Narrative journalism – or narrative journalism – is a term for journalistic texts that are constructed and conveyed as a narrative. Narrative journalism mixes fact and fiction codes, and it is therefore characteristic of the genre that it borrows a number of literary tools to describe reality. The narrative article is most often told by a third-person narrator and where the reader gets an insight into the main character’s experiences, thoughts and feelings.
Fact codes are different markers of the fact that this really happened.
It may be dialogues, data in the form of numbers, or the journalist breaking out of the narrative to write that interviews or other have been confirmed by other sources. Fiction codes are codes borrowed from fiction, from literature. The structure is a fiction code when a narrative is structured over the narrator model. The use of imagery and the narrator type are also fiction codes.
Narrative journalism relates to one or a few persons who have been involved in a case, and the reader partly follows actions, but also what the persons have thought and felt and what they have experienced.
It can also explain why some people have done as they have done.
The purpose of narrative journalism is thus to give the reader experiences and insights – and to create a reflection in the reader by giving an insight into the experiences, thoughts and feelings of the person. Narrative journalism provides an insight into what it has been like to be imprisoned by IS, or how different people have experienced the same event – a robbery at an S-train station, for example.
Narrative journalism primarily employs a scenic mode of presentation, as it just provides empathy and can describe. The main character is introduced quickly – and preferably by media res, so the reader is caught up in the story. Rear view and view can be alternated, and the scenic mode of presentation can also be replaced by a panoramic form of presentation or a passage of facts.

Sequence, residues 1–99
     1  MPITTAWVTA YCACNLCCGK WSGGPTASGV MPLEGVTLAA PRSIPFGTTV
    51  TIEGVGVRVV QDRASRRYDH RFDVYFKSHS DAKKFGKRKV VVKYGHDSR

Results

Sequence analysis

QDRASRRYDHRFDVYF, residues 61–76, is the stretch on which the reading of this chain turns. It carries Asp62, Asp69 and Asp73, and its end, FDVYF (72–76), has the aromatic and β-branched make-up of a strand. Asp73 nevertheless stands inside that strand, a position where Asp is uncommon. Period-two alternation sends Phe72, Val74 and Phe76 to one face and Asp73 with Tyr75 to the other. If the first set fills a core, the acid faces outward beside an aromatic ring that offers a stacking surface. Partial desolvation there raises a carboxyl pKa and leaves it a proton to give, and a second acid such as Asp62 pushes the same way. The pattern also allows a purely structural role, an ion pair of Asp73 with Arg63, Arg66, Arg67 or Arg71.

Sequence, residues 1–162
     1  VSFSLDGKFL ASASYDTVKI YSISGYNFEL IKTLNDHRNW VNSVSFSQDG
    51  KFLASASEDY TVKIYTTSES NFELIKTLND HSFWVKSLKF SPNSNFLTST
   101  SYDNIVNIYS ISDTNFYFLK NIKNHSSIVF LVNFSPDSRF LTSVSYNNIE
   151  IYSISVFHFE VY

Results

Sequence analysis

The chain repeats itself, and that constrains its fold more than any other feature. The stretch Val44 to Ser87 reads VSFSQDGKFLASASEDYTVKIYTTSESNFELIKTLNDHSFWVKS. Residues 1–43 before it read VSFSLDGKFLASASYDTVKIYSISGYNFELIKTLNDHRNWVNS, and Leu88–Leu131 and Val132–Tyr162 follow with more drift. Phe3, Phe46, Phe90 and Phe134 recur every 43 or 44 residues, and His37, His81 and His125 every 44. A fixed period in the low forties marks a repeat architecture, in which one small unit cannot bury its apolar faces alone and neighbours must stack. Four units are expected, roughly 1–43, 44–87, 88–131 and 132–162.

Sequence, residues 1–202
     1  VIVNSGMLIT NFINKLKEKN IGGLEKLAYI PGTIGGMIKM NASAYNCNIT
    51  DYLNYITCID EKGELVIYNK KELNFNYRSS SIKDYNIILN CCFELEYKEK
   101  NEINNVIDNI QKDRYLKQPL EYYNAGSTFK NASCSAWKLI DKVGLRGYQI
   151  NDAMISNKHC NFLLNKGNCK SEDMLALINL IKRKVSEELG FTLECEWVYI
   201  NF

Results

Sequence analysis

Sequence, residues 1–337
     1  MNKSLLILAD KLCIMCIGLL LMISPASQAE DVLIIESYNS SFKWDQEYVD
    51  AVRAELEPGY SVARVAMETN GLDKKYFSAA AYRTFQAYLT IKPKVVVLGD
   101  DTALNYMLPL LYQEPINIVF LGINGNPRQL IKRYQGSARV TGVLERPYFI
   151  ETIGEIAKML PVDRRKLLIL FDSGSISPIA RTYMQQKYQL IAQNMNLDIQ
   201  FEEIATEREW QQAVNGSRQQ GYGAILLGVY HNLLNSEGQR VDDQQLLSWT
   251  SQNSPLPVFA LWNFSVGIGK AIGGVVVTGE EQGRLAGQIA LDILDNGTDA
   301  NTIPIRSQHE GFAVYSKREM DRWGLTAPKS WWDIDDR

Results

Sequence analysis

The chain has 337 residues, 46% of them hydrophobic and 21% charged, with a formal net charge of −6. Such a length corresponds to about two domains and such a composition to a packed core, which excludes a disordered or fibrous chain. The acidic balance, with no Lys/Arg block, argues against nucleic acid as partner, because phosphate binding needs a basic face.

The protagonist (s) most often have a project that they must have solved, and only in the end will the reader be told whether the project is being solved. Therefore, many narrative articles are written over a dramaturgical model such as the storyteller model with a 1) approach and presentation of people and their project, after which the reader is introduced to a conflict that is escalating. In the escalation, there may be a point of no return where the protagonist has no opportunity to turn around and abandon his project, but has to get to the finish and get it resolved. In the climax, the conflict is resolved and the text fades out.
Structuring his narrative over such a model is one way of creating a fiction of real events.
Narrative journalism differs markedly from the report in that it is not the journalist who reports from an environment or event, but that the reader instead follows a person or few people who have been in that environment or were at that event. The journalist is thus written out of narrative journalism. In addition, the use of literary tools is stronger in your narrative journalism
Feature is another term for narrative journalism, and the genre has much in common with new journalism, but new journalism is often more experimental in its linguistic form.